Maundy Thursday 2023
Click HERE to view/download the worship bulletin.
When I was in high school our church youth group would always do at least one weekend retreat a year. Our youth group consisted of about 20 kids. On one retreat the advisors incorporated foot washing into the worship service. Sitting side by side in a row of chairs, feelings of self-consciousness and awkwardness prevailed, as we washed the feet of the person seated to the left of us. Being that it was a group of middle class white kids who had good socks and shoes, the feet were relatively clean to start with. But the fact that we were washing clean feet didn’t prevent us from feeling awkward. As it is neither a common practice here or a needed practice, the depth of the meaning of foot washing is often not felt in the same way as it was in Jesus’ time.
I spent six years living in the Middle East and Africa, during which time I lived in sandals, walking on dusty roads and dirt roads, much like in the time of Jesus. My feet were often dirty by the end of the day and in need of washing. Imagine washing someone’s feet that were very dirty! Not a pleasant thought. In Jesus’ time, the person who would be required to do the washing would have been the person of least importance - the servant, the woman, perhaps a child. No man, especially not one of Jesus’ stature, would be kneeling before another man to wash his dirty feet. But this was the last night that Jesus was to have with his disciples and he wanted to make sure his disciples had it sealed in their minds and in their hearts one of the primary lessons that he had been teaching them over and over again during the three years that they had been together: servanthood.
You may remember that the brothers, James and John, asked to sit at the right and left side of Jesus in glory. I imagine the disappointment Jesus must have felt when he was asked that. Three years of trying to teach humility and service - and it takes humility to be able to serve, especially in washing another’s feet - and yet here are the brothers seeking glory with Jesus. His whole ministry had been about servanthood and not glory, yet here were two of his disciples still seeking that.
In Matthew, Jesus calls the disciples to him and says, “You know that the princes of the Gentiles exercise dominion over them, and they that are great exercise authority upon them. But it shall not be so among you: but whosoever will be chief among you, let them be your servant: Even as the Son of man came not to be ministered unto, but to minister, and to give his life a ransom for many.”
Humility and service. That is what Jesus is reminding the disciples and us to be and to do.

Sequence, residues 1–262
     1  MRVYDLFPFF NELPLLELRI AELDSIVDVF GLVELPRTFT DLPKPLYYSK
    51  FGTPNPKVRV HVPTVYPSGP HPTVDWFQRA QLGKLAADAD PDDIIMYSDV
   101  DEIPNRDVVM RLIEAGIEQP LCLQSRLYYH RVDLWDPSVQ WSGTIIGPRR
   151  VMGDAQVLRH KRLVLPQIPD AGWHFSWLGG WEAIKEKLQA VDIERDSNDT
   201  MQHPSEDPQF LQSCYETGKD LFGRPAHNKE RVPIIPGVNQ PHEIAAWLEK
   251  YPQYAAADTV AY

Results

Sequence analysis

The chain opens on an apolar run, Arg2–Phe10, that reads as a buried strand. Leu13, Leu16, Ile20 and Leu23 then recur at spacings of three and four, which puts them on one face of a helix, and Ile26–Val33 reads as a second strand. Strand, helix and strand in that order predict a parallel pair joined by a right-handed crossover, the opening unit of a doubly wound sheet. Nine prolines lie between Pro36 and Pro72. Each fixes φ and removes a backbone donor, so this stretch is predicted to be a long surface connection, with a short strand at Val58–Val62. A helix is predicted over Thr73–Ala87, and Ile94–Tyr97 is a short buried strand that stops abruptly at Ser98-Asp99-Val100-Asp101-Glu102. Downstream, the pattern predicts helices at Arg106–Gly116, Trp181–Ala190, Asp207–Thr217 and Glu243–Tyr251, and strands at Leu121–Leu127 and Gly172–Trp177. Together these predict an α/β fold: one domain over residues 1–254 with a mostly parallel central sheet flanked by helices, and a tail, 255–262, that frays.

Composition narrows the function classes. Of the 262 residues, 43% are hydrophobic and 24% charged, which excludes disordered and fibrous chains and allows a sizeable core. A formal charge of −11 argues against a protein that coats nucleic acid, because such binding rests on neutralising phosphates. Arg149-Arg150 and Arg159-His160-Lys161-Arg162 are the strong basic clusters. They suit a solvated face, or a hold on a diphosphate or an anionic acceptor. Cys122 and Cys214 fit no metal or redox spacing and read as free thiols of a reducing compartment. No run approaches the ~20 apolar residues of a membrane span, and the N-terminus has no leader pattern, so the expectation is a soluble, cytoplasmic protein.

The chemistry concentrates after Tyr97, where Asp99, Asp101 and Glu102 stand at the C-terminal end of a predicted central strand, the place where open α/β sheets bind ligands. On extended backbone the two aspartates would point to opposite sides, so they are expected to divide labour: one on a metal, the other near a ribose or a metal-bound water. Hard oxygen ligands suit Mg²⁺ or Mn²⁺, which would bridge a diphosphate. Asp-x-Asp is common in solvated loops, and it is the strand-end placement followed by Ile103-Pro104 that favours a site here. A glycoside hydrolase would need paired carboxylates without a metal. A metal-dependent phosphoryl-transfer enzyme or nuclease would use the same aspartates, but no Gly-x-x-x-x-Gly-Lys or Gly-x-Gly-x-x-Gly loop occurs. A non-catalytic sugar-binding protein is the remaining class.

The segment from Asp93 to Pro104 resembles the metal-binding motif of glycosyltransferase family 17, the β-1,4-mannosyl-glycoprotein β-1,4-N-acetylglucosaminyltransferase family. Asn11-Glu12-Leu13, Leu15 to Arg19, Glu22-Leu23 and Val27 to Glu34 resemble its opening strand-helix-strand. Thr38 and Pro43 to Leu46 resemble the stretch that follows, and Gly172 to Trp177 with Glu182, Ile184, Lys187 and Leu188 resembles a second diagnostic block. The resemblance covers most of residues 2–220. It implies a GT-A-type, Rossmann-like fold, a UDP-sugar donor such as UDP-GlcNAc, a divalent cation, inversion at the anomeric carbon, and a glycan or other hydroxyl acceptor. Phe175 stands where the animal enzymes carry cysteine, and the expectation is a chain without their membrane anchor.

But what keeps so many people from being able to serve in humility and service? We are shown that in Peter’s response. Peter did not want Jesus to wash his feet due to Pride. He did not want to see his Lord and Master in such a lowly position. Was it out of reverence he had for Jesus or was it that on some level he understood that to accept his leader in such a way would force him to follow in the same manner? I think that sometimes it is hard for middle class people, especially white people, to kneel before another in service. We don’t want to get dirty; yet so much of what Jesus showed us with his life was going into the trenches, getting dirty, doing whatever it takes to care for those who need Christ the most. This may mean entering into the pain of another to help bring healing and peace, going into a roach infested home to bring life to an elderly mentally ill woman, or cleaning someone who is unable to clean themselves. Being called to serve means putting away pride and putting on the cloak of humility and service.
And, finally, Jesus did not put any conditions on his service. Quid Pro Quo is a phrase we heard a lot about in the last few years from our political leaders, but there was no quid pro quo with Jesus. Jesus even humbled himself to wash the feet of the one who was to betray him. He knew what Judas was about to do, but that is what Jesus is all about - love, forgiveness, grace, mercy. Whatever sense of betrayal he might have been feeling, knowing what Judas was about to do, Jesus still took to bended knee to wash the feet of his betrayer. Unconditional love. That is what Jesus demonstrated in this foot washing. Unconditional love, even to Judas.
And that is the example that Jesus gave to us in this act of foot washing - humility and service, the putting aside of pride, unconditional love, and most of all we are reminded that Jesus never asks us to do something that he hasn’t already done himself.
In the 1990s a youth group leader in Michigan, Janie Tinklenberg, began the grassroots movement WWJD - do you remember that? WWJD. What Would Jesus Do? She started this to help the teenagers in her group remember the phrase, to remember to ask themselves when faced with different challenges, what would Jesus do? It may seem hokey to some, but it would be good for all of us to ask ourselves that when faced with something God may be calling us to do that we find especially challenging. WWJD - What Would Jesus Do? Would he go on bended knee to help? Would he embrace the drug addict? The prisoner? The person who is caught up in conspiracy theories? Would he enter the pain of someone who is lost in grief? We know the answer to that and we know that we need to put pride aside. We need not fear getting our hands or feet dirty. For it is just dirt that can be washed away. Christ cleansed us physically and spiritually. We are called to clean others as well. We are called to serve and to serve with humility and love. May we remember our Lord, Jesus Christ on bended knee, taking the position of servant, and may we be able to follow in his example. Amen.
© 2023 Anna von Winckler